Rhopobota finitimana (Heinrich)

Eiseman, Charles S., Austin, Kyhl A., Blyth, Julia A. & Feldman, Tracy S., 2020, New records of leaf-mining Tortricidae (Lepidoptera) in North America, with the description of a new species of Grapholita, Zootaxa 4748 (3), pp. 514-530 : 517

publication ID

https://doi.org/10.11646/zootaxa.4748.3.6

publication LSID

lsid:zoobank.org:pub:2500FC7C-8D0B-4E98-8222-916D17819B7A

DOI

https://doi.org/10.5281/zenodo.3705883

persistent identifier

https://treatment.plazi.org/id/038787A4-117E-B705-61B2-FB74043FF841

treatment provided by

Plazi

scientific name

Rhopobota finitimana (Heinrich)
status

 

Rhopobota finitimana (Heinrich)  

( Figs. 14–17 View FIGURES 14–17 )

Material examined. NORTH CAROLINA: Durham Co., Durham , Leigh Farm Park, 14.vi.2017   , em. 16.vii.2017, T.S. Feldman , ex Ilex decidua     , # CSE3965 (2♀♀, CUIC); Scotland Co. , Laurinburg, St. Andrews University, 27.ii.2019   , em. 13.v.2019, T.S. Feldman , ex Ilex opaca     , # CSE5261 (1♂, CUIC)   .

Hosts. Aquifoliaceae   : Ilex decidua Walter   , I. mucronata   (L.) M.Powell, Savol. & S.Andrews ( Ferguson 1975), I. opaca Aiton   , I. verticillata   (L.) A.Gray ( Heinrich 1923). Prentice (1966) listed a single record of this species as a solitary leafroller of Populus balsamifera   L. ( Salicaceae   ). We regard this as likely representing either a misidentified moth or a pupation site rather than a larval feeding site.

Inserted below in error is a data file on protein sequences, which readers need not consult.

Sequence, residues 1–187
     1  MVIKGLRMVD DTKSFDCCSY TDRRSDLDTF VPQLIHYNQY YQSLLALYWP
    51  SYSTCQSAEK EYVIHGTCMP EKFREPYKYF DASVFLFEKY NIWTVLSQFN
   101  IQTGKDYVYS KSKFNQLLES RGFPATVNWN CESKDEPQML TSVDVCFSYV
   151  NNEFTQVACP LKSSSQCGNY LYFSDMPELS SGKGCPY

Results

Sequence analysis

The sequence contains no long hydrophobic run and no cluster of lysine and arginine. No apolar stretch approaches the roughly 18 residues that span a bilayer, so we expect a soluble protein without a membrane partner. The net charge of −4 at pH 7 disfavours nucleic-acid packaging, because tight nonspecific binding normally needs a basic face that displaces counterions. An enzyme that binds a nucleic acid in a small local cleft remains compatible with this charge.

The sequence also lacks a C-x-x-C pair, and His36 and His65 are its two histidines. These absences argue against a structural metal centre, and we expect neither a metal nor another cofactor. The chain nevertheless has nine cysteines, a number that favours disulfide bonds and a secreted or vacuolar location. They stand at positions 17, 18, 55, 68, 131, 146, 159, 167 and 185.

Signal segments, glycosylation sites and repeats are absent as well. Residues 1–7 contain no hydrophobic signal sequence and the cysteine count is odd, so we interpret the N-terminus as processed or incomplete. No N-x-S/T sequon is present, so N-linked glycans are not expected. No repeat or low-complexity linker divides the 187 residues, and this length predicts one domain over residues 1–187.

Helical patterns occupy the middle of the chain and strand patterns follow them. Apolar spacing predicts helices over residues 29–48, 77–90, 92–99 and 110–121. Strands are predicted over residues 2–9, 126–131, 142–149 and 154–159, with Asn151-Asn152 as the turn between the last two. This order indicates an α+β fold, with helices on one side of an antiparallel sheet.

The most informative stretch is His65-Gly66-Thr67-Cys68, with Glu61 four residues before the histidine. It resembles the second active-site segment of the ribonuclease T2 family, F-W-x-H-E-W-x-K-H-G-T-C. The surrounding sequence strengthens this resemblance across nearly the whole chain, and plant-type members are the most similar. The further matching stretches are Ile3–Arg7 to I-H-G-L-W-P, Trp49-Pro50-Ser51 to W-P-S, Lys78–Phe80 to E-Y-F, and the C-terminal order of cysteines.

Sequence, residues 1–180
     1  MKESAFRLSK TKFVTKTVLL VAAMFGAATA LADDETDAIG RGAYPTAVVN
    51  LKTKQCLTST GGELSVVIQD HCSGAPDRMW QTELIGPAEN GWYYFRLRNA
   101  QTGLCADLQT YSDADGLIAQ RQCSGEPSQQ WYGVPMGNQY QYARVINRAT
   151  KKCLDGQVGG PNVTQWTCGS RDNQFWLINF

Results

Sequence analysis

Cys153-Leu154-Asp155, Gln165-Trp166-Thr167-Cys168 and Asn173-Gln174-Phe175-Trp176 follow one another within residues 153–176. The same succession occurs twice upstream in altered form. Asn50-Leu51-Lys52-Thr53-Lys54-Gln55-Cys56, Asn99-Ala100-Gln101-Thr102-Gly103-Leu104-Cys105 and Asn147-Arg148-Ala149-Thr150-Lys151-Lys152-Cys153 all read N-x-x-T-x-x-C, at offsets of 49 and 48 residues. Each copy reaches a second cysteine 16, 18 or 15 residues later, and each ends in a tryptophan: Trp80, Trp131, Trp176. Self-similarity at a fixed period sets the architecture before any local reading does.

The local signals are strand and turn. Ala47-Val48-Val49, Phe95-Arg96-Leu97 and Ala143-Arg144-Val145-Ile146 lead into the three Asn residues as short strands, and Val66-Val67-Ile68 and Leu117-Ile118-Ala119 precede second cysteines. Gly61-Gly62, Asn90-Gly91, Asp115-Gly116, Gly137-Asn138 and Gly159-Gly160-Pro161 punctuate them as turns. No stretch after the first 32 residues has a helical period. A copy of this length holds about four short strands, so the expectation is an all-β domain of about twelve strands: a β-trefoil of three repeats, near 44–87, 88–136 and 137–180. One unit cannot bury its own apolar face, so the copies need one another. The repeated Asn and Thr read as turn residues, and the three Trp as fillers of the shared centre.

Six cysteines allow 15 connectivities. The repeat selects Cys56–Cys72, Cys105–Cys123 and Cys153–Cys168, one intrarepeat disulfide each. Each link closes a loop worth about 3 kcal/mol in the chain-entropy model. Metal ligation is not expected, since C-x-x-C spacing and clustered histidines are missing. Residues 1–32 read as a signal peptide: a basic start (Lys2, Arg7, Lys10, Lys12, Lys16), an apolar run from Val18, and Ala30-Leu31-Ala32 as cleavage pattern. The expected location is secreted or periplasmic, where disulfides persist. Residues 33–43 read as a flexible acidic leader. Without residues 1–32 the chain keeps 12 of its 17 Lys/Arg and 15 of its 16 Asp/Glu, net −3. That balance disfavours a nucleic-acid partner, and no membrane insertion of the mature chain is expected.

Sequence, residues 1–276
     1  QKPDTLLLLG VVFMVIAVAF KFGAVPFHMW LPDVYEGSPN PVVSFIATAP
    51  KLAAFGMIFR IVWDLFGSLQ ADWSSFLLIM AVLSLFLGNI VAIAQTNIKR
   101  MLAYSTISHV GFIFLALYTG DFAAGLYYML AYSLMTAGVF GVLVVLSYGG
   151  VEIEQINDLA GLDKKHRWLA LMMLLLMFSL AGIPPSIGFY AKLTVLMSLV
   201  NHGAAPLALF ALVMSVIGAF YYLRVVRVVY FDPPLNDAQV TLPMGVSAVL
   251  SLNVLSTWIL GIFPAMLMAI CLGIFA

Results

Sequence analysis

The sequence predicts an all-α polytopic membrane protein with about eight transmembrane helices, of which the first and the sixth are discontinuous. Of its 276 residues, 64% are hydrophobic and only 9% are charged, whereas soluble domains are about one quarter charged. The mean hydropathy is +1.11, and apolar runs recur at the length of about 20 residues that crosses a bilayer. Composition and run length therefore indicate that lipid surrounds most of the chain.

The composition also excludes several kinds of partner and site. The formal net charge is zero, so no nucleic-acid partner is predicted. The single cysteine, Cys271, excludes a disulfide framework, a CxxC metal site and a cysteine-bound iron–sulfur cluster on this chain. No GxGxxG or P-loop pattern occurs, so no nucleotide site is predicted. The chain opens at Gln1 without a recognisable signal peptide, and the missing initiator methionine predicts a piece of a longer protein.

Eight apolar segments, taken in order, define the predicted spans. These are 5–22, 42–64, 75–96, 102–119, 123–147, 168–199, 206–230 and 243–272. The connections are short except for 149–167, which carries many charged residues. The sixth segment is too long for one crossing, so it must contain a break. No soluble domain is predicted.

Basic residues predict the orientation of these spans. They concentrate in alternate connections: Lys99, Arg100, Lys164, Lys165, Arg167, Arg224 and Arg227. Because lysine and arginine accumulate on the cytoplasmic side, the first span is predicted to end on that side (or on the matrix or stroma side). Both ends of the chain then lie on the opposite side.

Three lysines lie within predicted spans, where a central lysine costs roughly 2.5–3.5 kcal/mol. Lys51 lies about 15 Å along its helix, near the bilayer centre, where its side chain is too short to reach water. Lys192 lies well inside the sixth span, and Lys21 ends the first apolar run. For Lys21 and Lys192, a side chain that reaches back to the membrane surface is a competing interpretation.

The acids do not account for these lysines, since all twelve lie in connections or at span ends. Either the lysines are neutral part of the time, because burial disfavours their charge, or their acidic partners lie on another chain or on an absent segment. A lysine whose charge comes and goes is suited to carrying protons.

Biology. Young larvae form full-depth leaf mines, which on I. opaca   tend to be long and narrow and on deciduous hosts tend to be more compact. In either case frass is extruded from a hole in the lower epidermis, usually at the leaf midrib, and is bound together with silk. On deciduous hosts the frass bundle becomes a narrow, curved tube ( Fig. 14 View FIGURES 14–17 ). The mines are frequently digitate or branching due to the larva’s pauses in feeding to dispose of frass. Older larvae abandon their mines to feed in a leaf shelter, either crumpling one leaf or tying two together. A pupal case is sometimes made by cutting one or two small arcs in a leaf to form a flap in which the larva spins its cocoon ( Fig. 15 View FIGURES 14–17 ). Our rearing records suggest this species is at least bivoltine in North Carolina.

Comments. Eiseman (2014b) documented identical larval habits in Rhopobota dietziana (Kearfott)   on Ilex glabra   (L.) A.Gray and I. verticillata   , noting that further rearing efforts would be desirable to determine whether R. finitimana   is also a leafminer initially. We have found Rhopobota   mines on I. vomitoria Aiton   in North Carolina, but no adults have been reared from these. The other Nearctic species in this genus, R. naevana (Hübner)   , also occurs on Ilex   but larvae reportedly feed as leaftiers (i.e., not as leafminers but as external feeders within shelters formed by tying leaves together with silk) throughout their development ( Eiseman 2014b).

T

Tavera, Department of Geology and Geophysics

CUIC

Cornell University Insect Collection